Also, remember that your partner, friends, and family members are not mind-readers. Speak up when you feel stress building and say precisely what you need.
How your support system can help
Here are some easy ideas of how friends and family can help:
- Laundry: Ask your spouse or a friend to do a load for you. Perhaps you could even sneak in a nap. (Remember, life will go on if they don’t fold exactly how you do!)
- Dishes: Ask someone to come over and do dishes with you or take care of them while enjoying a moment of quality time with your child(ren).
- Drop off/pick up kids from school or practice: Form a parent carpool or have a loved one drop off/pick up your child(ren) from school or practice so you can take care of work responsibilities.
- Play with the kids: You deserve a moment to yourself! Ask a friend or grandparent to entertain your kids for 15-20 minutes.
4. Learn more effective discipline practices
If you feel stressed about your child’s behavior, consider taking a few moments each day to learn more effective discipline tools.
Did you know that the true definition of discipline is “to teach”?
When our focus becomes teaching our kids how to solve problems, rather than punishing and shaming them for their missteps, our stress can go way down.
While it sounds simple, it does not come easily for many parents who grew up with authoritarian parenting methods. Changing intergenerational parenting patterns takes a conscious effort.
How to build a foundation in positive parenting for FREE:
If you’re looking to parent differently, but don’t know where to start, I invite you to join me in Such a Little While’s free 30-day positive parenting challenge. You’ll receive a no-cost positive parenting PDF workbook to help you cope with and prevent parenting stress.
I’ll hold your hand through one easy-to-implement tool each day in a matter of minutes. By the end of the month, you’ll feel confident with a solid foundation in a positive approach to discipline.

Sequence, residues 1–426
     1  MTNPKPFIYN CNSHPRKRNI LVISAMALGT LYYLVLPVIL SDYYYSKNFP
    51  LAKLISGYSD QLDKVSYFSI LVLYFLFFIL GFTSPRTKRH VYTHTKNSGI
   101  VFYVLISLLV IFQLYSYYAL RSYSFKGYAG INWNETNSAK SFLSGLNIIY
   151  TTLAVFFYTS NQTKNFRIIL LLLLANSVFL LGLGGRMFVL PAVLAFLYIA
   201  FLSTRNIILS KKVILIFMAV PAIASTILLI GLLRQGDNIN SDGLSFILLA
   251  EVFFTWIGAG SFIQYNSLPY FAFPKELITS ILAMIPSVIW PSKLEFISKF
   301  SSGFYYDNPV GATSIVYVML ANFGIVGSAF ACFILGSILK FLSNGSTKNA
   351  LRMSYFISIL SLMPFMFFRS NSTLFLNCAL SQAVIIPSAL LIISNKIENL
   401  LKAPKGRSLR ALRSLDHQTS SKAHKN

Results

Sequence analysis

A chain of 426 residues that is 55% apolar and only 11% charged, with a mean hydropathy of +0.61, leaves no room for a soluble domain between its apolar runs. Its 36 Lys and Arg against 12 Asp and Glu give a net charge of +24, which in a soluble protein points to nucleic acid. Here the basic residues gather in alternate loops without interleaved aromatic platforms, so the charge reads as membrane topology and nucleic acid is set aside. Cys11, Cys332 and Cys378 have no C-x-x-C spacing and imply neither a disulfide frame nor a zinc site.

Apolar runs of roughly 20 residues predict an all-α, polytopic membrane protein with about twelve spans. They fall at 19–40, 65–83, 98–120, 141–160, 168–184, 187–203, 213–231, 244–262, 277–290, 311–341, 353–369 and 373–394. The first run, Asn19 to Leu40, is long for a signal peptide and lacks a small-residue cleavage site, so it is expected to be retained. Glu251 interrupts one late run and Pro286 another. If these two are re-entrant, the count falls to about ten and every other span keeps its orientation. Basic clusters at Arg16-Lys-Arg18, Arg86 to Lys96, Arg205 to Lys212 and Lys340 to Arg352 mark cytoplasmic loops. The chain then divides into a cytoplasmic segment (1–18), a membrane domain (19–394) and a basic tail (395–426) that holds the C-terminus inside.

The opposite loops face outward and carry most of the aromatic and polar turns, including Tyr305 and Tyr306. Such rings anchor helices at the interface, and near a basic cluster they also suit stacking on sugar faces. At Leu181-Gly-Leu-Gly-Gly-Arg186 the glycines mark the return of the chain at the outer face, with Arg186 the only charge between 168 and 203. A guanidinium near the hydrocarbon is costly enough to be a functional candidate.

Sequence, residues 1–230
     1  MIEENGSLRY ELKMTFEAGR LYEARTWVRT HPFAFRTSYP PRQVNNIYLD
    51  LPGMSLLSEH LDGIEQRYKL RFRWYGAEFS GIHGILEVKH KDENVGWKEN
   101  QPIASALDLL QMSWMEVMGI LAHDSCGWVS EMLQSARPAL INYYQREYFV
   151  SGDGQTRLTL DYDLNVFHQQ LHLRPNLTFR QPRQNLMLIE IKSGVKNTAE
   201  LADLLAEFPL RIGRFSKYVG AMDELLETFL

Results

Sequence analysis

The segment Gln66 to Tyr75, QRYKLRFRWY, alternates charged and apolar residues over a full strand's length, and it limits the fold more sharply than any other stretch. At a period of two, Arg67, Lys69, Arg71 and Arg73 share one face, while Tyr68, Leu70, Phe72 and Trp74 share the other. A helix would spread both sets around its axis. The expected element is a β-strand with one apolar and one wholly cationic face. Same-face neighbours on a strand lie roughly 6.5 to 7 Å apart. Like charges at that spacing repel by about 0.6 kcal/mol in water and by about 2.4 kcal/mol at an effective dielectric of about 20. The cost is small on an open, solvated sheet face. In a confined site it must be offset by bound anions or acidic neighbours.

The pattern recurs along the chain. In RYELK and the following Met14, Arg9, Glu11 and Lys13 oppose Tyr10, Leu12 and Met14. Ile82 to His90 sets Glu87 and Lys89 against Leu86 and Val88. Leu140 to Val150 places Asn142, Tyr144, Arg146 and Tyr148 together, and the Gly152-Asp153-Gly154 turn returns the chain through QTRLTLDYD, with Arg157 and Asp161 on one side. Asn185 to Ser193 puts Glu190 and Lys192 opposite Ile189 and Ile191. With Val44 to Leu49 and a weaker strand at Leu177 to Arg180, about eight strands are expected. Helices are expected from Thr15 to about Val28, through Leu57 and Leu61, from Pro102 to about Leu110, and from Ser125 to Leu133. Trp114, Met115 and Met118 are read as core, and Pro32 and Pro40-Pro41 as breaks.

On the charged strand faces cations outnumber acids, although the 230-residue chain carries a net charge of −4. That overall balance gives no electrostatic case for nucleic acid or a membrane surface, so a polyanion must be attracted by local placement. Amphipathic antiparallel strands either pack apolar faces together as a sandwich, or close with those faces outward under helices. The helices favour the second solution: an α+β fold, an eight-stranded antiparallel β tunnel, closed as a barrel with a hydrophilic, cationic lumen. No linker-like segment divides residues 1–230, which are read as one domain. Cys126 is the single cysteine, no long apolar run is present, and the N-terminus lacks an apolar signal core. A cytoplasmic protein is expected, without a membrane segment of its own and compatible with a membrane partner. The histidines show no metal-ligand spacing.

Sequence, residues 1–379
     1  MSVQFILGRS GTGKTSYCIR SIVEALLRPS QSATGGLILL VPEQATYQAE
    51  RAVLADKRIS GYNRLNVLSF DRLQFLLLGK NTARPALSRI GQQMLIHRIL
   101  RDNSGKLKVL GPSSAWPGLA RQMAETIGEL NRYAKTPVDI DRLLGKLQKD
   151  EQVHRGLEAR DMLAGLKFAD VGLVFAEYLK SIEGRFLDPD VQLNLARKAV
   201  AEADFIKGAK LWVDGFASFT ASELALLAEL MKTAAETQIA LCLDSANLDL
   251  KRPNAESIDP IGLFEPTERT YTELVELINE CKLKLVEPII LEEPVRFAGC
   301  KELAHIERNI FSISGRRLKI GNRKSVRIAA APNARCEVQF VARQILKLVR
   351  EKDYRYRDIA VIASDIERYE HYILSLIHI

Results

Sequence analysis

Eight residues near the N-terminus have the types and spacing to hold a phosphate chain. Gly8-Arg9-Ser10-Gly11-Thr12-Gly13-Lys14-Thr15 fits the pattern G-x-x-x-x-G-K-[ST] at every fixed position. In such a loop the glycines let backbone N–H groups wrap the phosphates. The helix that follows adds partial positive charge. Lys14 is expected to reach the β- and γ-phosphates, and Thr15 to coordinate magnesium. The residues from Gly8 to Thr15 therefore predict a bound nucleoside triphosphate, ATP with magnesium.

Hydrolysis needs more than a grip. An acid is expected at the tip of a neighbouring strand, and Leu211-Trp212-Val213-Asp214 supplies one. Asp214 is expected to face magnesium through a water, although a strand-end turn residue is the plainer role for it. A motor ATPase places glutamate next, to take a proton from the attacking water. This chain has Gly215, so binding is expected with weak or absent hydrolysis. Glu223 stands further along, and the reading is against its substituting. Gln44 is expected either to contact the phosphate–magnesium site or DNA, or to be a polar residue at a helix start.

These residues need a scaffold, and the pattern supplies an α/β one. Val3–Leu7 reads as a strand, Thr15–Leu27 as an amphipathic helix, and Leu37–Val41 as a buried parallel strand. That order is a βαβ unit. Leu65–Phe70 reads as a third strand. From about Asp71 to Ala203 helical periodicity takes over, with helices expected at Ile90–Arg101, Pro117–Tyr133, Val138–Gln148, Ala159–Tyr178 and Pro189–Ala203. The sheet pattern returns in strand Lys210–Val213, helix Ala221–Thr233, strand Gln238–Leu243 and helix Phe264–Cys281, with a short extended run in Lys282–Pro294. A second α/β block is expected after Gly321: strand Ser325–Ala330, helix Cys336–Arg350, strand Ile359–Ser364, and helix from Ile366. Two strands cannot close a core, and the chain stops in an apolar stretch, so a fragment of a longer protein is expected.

5. Commit to a 5-minute daily self-care routine
Let’s be very clear that you deserve and likely need more than 5 minutes of self-care per day. But when you are feeling overwhelmed, it is sometimes necessary to start small when taking on something new. You’ll be more likely to commit long-term.
Self-care has become a misunderstood buzzword. The truth is that self-care looks different for everyone.
You’ll know you have found a self-care solution when you start feeling like yourself again.
Choose an activity that helps clear your mind and calm your body. If you’re feeling refreshed and recharged with a positive mindset, you’re hitting the nail on the head.
Here are some easy 5-minute self-care routines:
- Mindfulness meditation (I love doing these 5-minute video exercises after my kids are in bed!)
- Stepping outside for fresh air or a short walk alone
6. Simplify your family life
As parents, there are many balls to juggle. It is taxing to keep track of it all! Here are a few quick wins to simply your life.
Simplify your meals
One way to pare down your family’s schedule is by meal planning and automating groceries for pick-up or delivery. This will save you time on shopping and cooking, which will give you more time for the other important things in life.
Simplify your family calendar
You can also try limiting each child to one extracurricular activity. Research shows less is more!
If your family’s activities are putting strain on your wallet or your kids are not experiencing unstructured play, it‘s likely time to scale back.
If possible, choose one day to be activity and event-free. This could be Sunday for example, so that everyone can relax and recharge for the week ahead.
Simplify your home
Lastly, consider living with less “stuff!” Research shows that kids play longer and more independently with fewer toys. It’s not only less to clean up, but can evoke a feeling of calm when your environment is clutter-free!
7. Work with a professional to learn more about how to cope with parenting stress
Treat your mental health with the same regard as you would your child’s health. If they broke their leg you wouldn’t hesitate to seek professional help. Why should your well-being be any different?
If you are experiencing stress to the point of burnout, depression, or anxiety, it’s time to reach out.
If you reside in the United States, you can begin your search for a licensed marriage and family therapist here.
The last thing you need to know about how to cope with parenting stress
There is no one-size-fits-all remedy for parenting stress. It’s important to keep trying solutions until you find what works for you and your family.
Know that all parents have days when we succumb to our stress. We don’t always feel proud of every parenting moment.
Rather than sweeping these moments under the rug, use them as teaching tools for your child. Use them as opportunities to model a healthy apology and set a goal to do better next time.
I invite you to stay a while and learn more tips on how to stay calm through the storm of parenting here.
You’ve got this!